13. FishArt

    FishArt Well-Known Member

    The real answer memorymaker is if it's important to YOU that the gap come together perfectly on a wall mount, then do it! My personal opinion (that doesn't really matter to most anybody else) is as long as the fins line up and the fish isn't ridiculously fat on the back and obvious, nobody is going to know once it's covered. My philosophy has always been to spend the bulk of my time on the show side - what I deem important.

    I also don't use purchased forms. But, I suspect that they are made using a general example on the big/fatter side for a reason. Simply put, it's much easier to sand down material vs. adding it.

    As far as the skin thickness being a concern. Maybe, depending on the specie. Walleyes for instance are going to have much thicker skin than a crappie. However, we aren't building watches here. And I doubt many of us can take the initial measurements THAT accurately to worry about skin thickness all that much. If anybody doubts this - go ahead and take caliper measurements in various places and then do it two more times. IF you come up with the same measurement each and every time down to the millimeter, then my hats off to you! Again, we're not building watches here...
     
  14. 3bears

    3bears Well-Known Member

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    Do you measure the girth over the skin? Do you measure it at the exact same location as the form? Fish are like people they all come in different proportions. The suppliers cannot possibly supply a form that fits every one, without modifications. The form was made to fit a certain fish exactly, just not the fish you have in hand. Fish go through many changes in body shape and proportions in a single year. Think about it, deer necks change sizes throughout the year as well. That is why they offer them with different swells, but the measurement from eye to nose and tight to the ears is pretty consistent, regardless of time of year, those change with age. As I stated, carve your own from exact tracings and meticulous measurements and you should never worry about it. I assure you that I may not produce a world champion mount on every one that goes out of my shop but I sure as hell don't put out poor quality mounts either. I thought I was anal but you are over thinking this. Do the fins sit where they belong? Does the head juncture as well as other anatomical features match your reference pics? These things are what matter in commercial fish mounts.
     
  15. Some people don't even put an eye on the back side and you are worried about a little gap? Don't call it poor workmanship. I hope you charge enough to make that back side pretty. You are getting a lot of good advice from people that have been doing this a long, long time and you seem to be offended by what we have been doing. How long have you been doing taxidermy?
     
  16. M.T.

    M.T. Active Member

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    I agree with 3bears, Aaron and Marty! I too, don't give a rat's a$$ if there is a gap on the backside. Who cares? Fill it in, cover it up, whatever! If the fins are right and the length is good, customer is happy. I have carved all of my own bodies for 40 years now and still purposely make a fish deeper than what it was causing a gap in the back. Poor workmanship? I don't think so! Pleasing customers? hell ya! Fish may be slightly more narrow but who cares, you can't see it! I would much rather have a fish on the wall with a deep profile than a shallow profile and thick back. J S'ing
     
  17. I do what makes my customers happy. I have a gap in the back of my fish usaully and no, i dont put an eye in the back either. The front is the showside unless its a pedastal mount and then i take time to widdle down my form to close gaps and finsih the seem work and do the back eye, or for a competition quality mount. The more work you put into a mount the more you have to charge and my customers here in south GA are happy with the showside done right and care less about the backside. Most forms i order i end up widdleing down to get the fit i want, if i have to add, that is no trouble either. Do what makes your customers happy and you will be happy if they are period!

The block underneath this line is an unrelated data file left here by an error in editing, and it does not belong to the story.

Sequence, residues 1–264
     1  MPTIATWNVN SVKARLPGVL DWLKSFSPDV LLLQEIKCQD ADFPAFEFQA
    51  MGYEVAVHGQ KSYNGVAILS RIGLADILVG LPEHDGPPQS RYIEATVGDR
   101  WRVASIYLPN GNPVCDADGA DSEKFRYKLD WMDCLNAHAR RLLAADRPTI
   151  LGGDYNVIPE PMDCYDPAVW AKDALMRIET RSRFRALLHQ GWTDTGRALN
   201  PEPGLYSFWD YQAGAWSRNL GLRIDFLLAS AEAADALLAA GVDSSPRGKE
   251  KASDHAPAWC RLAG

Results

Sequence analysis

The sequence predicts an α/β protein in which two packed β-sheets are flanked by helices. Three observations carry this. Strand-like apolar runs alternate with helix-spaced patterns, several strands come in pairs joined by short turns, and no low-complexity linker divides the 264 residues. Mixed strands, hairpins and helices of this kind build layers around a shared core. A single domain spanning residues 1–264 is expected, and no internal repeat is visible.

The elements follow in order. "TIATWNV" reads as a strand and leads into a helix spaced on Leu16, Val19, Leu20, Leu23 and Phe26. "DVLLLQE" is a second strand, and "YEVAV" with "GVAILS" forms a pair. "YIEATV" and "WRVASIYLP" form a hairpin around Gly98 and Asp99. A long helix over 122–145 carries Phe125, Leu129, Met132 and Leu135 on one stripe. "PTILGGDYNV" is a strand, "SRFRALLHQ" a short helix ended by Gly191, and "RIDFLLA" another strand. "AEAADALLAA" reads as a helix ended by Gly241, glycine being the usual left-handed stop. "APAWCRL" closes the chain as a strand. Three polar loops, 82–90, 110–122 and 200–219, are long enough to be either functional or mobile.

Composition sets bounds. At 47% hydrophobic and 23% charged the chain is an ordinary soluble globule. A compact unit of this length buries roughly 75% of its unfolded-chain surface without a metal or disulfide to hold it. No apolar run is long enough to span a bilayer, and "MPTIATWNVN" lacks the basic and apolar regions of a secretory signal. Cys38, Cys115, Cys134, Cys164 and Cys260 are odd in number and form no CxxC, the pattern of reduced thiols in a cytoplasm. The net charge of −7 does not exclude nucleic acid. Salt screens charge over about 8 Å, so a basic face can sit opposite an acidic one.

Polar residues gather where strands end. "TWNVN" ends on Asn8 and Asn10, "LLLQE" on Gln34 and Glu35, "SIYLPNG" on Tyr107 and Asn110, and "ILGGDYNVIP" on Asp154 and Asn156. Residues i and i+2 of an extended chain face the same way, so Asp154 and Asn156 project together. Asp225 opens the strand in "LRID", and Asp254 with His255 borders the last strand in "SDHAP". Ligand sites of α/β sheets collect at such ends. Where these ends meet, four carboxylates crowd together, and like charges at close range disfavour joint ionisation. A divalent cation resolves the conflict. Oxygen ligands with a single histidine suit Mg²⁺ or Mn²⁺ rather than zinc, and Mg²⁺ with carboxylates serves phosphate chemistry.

18. Diehl2229

    Diehl2229 All Critters & Pets Freeze Dry LLC

    My customer wanted it fatter so leaving a gap is the only option. It's not poor workmanship? Just dress it up with some black screen and brush coats of clear bondo or mod podge. Looks good after.
     

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  19. Brian W

    Brian W Well-Known Member

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    Yes...I have a "seam" on the back of this fish too....can you see it...... ::)..... 8)
     

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  20. JL

    JL Taxidermist for 64 years

    Look...if you want the back seam closed, no problem....make the body fit the skin! The fact that you want this seam to fit is a testament to your taxidermy work and I commend you for that...don't accept mediocre in your work. You don't seem to want, or are able to carve your own fish bodies but want commercial bodies to fit with a closed back seam.....it probably will never happen for the very reasons that have been expressed here. The main target is for the fins to be positioned where they need to be on the bottom and top of the fish and the center lines like the top of the back, belly, and lateral line. If these fit without pulling and stretching chances are the back seam will also close. If you are pulling, something is wrong with the measurements of the foam body and it will need to be altered (SANDING) to get the front...top...and bottom to line up properly. Concentrate your efforts on the front and make that fit, then do the back the same way until you're happy with the closed seam. As for fitting the repro head, make the center lines fit the body...top of head and bottom of the jaw. Any repro head can be made to fit by heating or splitting and taking a small wedge out of it then rebuilding it. I have only had to do this a couple of times as the heads for sale usually match the measurements listed in the catalogs. Even commercial deer and animal manikins, and some bird bodies, have to be altered sometimes so don't expect a fish body to be perfect. Good luck...JL